Vanity, Vanity -- All Is Essay

Excerpt from Essay :

Instead, it uses mock heroic allusions and meter in the style of Pope's translation of Homeric epic to make the mores and morals of the aristocracy seem absurd. In detailing the efforts of Belinda preparing herself for a party, Pope makes her sound like she is preparing to do battle, with her attendants, little, godlike beings that are pale shadows of great Zeus and Athena:

"Do thou, Crispissa, tend her fav'rite Lock;

Ariel himself shall be the Guard of Shock.

When Belinda plays a card game with the Baron who will eventually deprive her of her hair, the trivial game is portrayed like a conquest of Troy:

The Knave of Diamonds now tries his wily Arts,

And wins (oh shameful Chance!) the Queen of Hearts.

At this, the Blood the Virgin's Cheek forsook,

A livid Paleness spreads o'er all her Look;

Unlike Johnson's satire, instead of directly telling the reader to laugh at Belinda and the absurd things people give importance to in society, Pope acts as though they are so important -- every tiny event has a kind of pitched intensity -- that the reader cannot help but laugh. The concerns of contemporary life, like hair, cards, and tea, seem even smaller compared with the truly grand passions of the ancient classical world. Pope's satire through the use of mock-epic and heroic couplets is more subtle than Johnson's. Johnson takes on political leaders and themes, and suggests that a heroic spirit is needed to elevate England to its former glory; Pope takes the importance given to vain trivialities and face value, and makes them seem even more absurd because of his style. This literary device also has an added benefit for the poet -- since Pope was well-known as a translator of Homer, and used a similar type of meter in translating the Greek, readers would be forced to remember this even greater achievement of Pope's, and would have to know Pope's previous works to fully appreciate the jokes.

All of this suggests that 18th century satire, more so than satire today, depended upon social in-jokes. To appreciate Johnson's satire, one had to know the history of England and the history of the figures who he was satirizing in his work. Pope's work to a greater degree stands on its own, given that the heightened language he uses to discuss a minor social catastrophe (Belinda's loss of her favorite lock of hair) is funny, but the work is likely even funnier if one knew the exact type of epic conventions that he was satirizing, such as allusions to attendant gods and the type of rhyme used by the poet. Either way, these outsider poets, rather than celebrating their relatively poorer status, try to use their knowledge of classical languages and history to make themselves seem like insiders, even though they are critiquing rather than embracing high society and politics. Their mastery of classical forms and knowledge, as well as contemporary mores and society elevates their own status as poets and also illustrates the vanity of a time which invariably falls short in comparison to the celebrated Greek and Roman age, whose values were held so dearly by these authors and their literary and social contemporaries.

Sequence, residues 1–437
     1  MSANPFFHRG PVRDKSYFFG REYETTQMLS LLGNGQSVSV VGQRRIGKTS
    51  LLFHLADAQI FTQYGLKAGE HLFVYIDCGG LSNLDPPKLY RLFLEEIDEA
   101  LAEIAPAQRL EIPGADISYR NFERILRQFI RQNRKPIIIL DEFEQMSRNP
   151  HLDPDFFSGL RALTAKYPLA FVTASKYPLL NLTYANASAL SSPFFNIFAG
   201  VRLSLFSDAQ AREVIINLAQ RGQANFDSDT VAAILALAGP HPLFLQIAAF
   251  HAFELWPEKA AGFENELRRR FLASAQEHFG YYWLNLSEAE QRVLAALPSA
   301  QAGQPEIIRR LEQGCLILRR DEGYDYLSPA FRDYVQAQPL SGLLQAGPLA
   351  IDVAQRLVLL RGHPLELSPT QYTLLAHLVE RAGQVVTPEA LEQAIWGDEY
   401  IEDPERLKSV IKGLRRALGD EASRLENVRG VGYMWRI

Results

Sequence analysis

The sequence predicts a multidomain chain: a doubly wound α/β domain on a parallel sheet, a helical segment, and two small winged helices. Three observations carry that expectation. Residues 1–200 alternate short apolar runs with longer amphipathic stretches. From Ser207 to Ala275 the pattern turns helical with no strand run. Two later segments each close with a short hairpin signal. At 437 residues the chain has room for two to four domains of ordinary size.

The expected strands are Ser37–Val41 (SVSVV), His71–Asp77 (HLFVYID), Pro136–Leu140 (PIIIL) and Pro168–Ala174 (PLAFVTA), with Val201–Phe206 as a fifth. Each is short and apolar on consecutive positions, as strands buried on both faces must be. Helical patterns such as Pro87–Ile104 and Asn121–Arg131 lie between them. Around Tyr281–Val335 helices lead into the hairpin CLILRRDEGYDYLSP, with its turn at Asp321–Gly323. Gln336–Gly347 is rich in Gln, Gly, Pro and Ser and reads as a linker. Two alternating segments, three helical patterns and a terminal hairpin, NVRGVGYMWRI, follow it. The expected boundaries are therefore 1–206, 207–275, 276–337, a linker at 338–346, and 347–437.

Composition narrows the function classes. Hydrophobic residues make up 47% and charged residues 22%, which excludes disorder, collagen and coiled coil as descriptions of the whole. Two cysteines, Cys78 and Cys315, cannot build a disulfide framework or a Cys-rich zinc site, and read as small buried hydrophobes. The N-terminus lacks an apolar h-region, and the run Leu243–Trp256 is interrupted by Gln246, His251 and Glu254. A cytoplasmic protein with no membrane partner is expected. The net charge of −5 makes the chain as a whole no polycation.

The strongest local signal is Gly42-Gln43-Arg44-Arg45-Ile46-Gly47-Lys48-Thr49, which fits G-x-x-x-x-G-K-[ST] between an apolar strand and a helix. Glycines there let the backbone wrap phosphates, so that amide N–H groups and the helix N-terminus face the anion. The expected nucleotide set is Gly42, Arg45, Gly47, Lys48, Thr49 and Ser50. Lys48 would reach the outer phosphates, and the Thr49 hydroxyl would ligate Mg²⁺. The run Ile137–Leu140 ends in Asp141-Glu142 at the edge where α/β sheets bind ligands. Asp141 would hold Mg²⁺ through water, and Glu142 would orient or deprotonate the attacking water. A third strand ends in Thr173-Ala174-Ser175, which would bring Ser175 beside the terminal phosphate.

Works Cited

"Alexander Pope." Books and Writers. April 29, 2009. http://www.kirjasto.sci.fi/apope.htm

Johnson, Samuel. The Vanity of Human Wishes. Full e-text available April 29, 2009 at http://darkwing.uoregon.edu/~rbear/johnson.html

"Juvenalian satire." Encyclopedia Britannica. 2009. Encyclopedia Britannica Online. 29 Apr.

2009 .

"Samuel Johnson." Books and Writers. April 29, 2009. http://www.kirjasto.sci.fi/samuelj.htm

Pope. Alexander. The Rape of the Lock. Full e-text available April 29, 2009 at http://poetry.eserver.org/rape-of-the-lock.html

Sources Used in Document:

Works Cited

"Alexander Pope." Books and Writers. April 29, 2009. http://www.kirjasto.sci.fi/apope.htm

Johnson, Samuel. The Vanity of Human Wishes. Full e-text available April 29, 2009 at http://darkwing.uoregon.edu/~rbear/johnson.html

"Juvenalian satire." Encyclopedia Britannica. 2009. Encyclopedia Britannica Online. 29 Apr.

2009 .

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